I sowed radish and beet seeds in the top of the Tower over a month ago, and it was so exciting when they sprouted.

In late March I bought starts from two of my favorite farmers at the winter farmers market, Stout’s Melody Acres and KG Acres.

Sweet little chard seedling in one of the pockets.

Sweet little chard seedling in one of the pockets.

This year I’m not asking each pocket to hold more than one plant (last year I was loath to thin my babies, resulting in spindly, sad specimens).

Beautiful lettuce (before I thinned).

Beautiful lettuce (actually two plants, before I thinned).

Soon I was able to eat my thinnings. Just last week, I harvested a bumper crop of radishes.

And the radishes are still coming!

And the radishes are still coming!

This week I’ve made my salads solely from my own garden (with a few foraged weeds for good measure), and I’ve begun snipping kale leaves to use in green smoothies.


More radishes on the way. And here come the beets! I will probably slip a tomato or pepper plant in here before too long.

Here’s what my Garden Tower looked like before I started majorly harvesting a few days ago.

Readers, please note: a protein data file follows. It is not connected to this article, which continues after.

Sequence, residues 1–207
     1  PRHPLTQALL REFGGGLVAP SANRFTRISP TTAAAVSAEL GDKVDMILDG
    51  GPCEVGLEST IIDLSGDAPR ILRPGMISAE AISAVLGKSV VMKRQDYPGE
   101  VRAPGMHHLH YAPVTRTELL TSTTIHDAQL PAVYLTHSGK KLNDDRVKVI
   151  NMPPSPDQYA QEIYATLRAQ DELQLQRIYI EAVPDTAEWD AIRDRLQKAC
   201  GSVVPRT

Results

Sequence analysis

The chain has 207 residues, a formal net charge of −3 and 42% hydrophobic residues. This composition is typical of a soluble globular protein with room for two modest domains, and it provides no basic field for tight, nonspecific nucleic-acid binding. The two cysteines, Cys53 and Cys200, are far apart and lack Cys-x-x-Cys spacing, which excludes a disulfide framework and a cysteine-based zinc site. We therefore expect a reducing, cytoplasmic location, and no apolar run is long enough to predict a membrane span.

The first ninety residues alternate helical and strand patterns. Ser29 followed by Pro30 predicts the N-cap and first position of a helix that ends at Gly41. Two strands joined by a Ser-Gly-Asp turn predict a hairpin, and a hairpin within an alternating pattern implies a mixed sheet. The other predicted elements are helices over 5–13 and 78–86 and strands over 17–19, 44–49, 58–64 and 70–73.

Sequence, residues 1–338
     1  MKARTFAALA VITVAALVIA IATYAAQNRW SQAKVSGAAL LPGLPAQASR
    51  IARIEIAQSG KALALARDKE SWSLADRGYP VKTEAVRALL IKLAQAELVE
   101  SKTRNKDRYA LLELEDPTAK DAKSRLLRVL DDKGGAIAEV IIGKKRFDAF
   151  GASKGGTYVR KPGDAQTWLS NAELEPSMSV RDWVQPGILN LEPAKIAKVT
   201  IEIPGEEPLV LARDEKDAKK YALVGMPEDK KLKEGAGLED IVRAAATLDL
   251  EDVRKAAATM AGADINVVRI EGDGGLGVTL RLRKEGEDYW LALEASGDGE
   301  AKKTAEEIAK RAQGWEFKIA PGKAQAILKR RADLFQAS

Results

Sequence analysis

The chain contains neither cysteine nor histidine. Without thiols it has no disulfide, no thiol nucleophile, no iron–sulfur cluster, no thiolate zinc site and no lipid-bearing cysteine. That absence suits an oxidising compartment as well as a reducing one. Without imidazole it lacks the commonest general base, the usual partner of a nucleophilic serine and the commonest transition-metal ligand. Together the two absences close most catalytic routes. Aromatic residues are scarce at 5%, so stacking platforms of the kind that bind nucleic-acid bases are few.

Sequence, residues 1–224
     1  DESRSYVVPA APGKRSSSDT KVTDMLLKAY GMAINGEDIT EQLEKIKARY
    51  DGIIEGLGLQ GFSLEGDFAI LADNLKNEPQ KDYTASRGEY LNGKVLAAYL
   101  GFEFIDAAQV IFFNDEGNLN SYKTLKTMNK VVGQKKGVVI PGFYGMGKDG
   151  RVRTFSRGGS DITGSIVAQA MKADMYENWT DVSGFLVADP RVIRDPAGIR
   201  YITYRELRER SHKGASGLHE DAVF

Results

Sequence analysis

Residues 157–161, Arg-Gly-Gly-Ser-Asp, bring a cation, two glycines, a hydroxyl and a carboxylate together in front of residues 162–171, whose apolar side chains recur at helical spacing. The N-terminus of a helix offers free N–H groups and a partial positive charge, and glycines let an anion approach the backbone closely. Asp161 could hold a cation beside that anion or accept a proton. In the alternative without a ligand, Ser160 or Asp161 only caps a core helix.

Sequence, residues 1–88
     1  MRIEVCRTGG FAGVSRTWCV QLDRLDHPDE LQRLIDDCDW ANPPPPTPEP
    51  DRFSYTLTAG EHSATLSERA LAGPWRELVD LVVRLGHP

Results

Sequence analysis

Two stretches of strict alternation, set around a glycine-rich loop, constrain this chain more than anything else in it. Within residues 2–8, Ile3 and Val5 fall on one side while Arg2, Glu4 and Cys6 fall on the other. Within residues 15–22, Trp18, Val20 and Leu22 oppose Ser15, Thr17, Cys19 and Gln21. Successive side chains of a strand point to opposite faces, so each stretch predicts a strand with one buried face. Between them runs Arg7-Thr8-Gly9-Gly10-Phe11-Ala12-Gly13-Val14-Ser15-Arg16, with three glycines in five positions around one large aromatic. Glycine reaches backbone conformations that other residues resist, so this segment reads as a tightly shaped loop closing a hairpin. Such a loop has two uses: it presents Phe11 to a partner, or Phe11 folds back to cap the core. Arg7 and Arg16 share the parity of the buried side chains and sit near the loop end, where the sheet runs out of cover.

Still room for a cucumber or zucchini seeding on the bottom row. (Yes I do love my greens!)

Still room for a cucumber or zucchini seeding on the bottom row, where that one pea sprout is lagging behind.

And another view.

Yes I do love my greens-- of all kinds!

Yes I do love my greens– of all kinds!

I learned more about the Garden Tower Project when I wrote a piece on it for the May issue of Farm Indiana. I was impressed with the vision of the project’s three partners. For example, at some point in the future they hope to switch from a petroleum-based plastic to plant-based.

According to partner Joel Grant, the type of polyethylene used in the Tower is simple to produce from plant-based sources. “You can produce polyethylene nearly as easily as biodiesel,” the environmental scientist says. “It takes more processing but…in some countries people solely manufacture it out of plant products.”